Once Upon a Time in Hollywood is Quentin Tarantino’s latest all-star drama set in 1969 L.A. starring Leonardo DiCaprio alongside Brad Pitt, Margot Robbie as Sharon Tate and more. For some Tarantino fans, it will be his most beloved work to date writes Daniel Rutledge.
The ninth film from Quentin Tarantino is a love letter to 1969 Los Angeles that serves up cheap thrills on top of deep and meaningful ponderings. It’s quite a departure from the iconic filmmaker’s intense last three movies, ambling along to its own groove, which may be harder to get on board with. But when you do, it’s a particularly pleasurable groove that for some fans will make for Tarantino’s most beloved work to date.
Leonardo DiCaprio and Brad Pitt are both firing on all cylinders as Rick Dalton and Cliff Booth, an aging partnership of actor and stuntman, respectively, whose careers are coming to an end. The roles are instant career highlights for both actors, but neither outshines Once Upon a Time in Hollywood‘s other remarkable achievements. This is an extraordinarily rich film, full of stunning, packed images that will be paused and marvelled at upon home release as fans explore all the myriad ways it pays homage to show business and the summer of ’69. But it’s also rich with themes and metaphors that enjoyably bubble around in your head days after you’ve watched it. Is it Rick or Cliff that better represents Tarantino as he approaches retirement in real life? Do both of them represent the medium of film itself? What’s with the emphasis of filth on the bare feet?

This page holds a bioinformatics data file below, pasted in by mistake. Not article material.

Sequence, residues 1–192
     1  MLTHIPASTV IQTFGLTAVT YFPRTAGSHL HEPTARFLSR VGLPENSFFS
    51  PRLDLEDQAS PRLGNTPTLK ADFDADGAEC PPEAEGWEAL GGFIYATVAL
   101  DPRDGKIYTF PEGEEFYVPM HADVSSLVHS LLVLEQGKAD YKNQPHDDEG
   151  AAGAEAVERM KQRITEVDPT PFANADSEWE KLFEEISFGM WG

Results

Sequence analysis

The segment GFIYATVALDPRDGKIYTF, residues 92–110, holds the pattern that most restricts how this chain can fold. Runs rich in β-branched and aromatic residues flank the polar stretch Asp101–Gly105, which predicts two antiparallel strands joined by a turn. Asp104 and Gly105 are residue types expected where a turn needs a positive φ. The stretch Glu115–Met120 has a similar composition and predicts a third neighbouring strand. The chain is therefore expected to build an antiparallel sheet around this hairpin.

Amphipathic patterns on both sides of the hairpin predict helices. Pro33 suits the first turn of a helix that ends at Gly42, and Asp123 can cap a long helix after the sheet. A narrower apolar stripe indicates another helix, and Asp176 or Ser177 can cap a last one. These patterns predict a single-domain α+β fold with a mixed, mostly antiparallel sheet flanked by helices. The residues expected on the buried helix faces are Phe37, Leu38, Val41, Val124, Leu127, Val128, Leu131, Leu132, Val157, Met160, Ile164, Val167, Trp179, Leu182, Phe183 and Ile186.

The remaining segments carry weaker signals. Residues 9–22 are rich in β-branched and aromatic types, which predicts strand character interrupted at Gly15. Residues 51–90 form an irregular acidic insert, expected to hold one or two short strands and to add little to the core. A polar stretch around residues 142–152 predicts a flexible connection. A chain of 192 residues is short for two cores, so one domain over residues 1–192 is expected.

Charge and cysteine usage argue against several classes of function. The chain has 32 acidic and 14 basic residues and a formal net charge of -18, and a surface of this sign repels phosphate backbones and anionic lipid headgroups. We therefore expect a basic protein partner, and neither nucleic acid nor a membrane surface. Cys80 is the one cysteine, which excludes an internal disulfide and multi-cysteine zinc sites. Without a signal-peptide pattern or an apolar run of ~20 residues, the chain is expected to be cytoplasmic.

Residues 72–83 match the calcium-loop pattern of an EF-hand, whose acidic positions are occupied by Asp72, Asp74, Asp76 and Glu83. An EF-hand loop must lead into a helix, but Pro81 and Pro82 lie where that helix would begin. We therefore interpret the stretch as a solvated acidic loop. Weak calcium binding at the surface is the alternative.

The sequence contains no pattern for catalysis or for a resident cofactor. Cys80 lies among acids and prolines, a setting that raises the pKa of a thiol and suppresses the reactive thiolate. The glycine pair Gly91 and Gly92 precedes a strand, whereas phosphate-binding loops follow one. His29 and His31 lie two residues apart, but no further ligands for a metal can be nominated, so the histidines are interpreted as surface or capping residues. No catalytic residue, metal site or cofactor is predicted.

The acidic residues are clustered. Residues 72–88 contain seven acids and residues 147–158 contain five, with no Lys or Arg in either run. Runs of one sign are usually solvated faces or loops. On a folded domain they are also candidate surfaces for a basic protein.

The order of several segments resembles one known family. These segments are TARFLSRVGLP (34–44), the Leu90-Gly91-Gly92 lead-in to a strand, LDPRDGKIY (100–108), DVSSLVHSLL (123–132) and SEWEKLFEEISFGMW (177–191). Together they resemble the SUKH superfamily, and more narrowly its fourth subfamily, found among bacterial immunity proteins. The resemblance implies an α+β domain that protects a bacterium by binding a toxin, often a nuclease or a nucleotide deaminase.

For a lot of its runtime, this feels like a hang out movie. Its world is so well realised that it’s never boring to hang out in, but on first viewing some of it seems pointless. Hints at an inevitable darkness are dropped along the way, before the film shifts gears and brilliantly moves into a more sinister phase around the two hour mark. But as it all ends with a typically shocking, violent and subversive climax, it shifts back to its chilled out self, somehow taking all the chaos in its stride.
There’s an innocent sweetness to this film’s sentimentality and nostalgia that only fully reveals itself at the very end, making for a wonderfully endearing aftertaste. It might not be as filled with electrifyingly great dialogue as most of Tarantino’s films, but I cannot wait to have it age like a fine wine upon countless repeat viewings.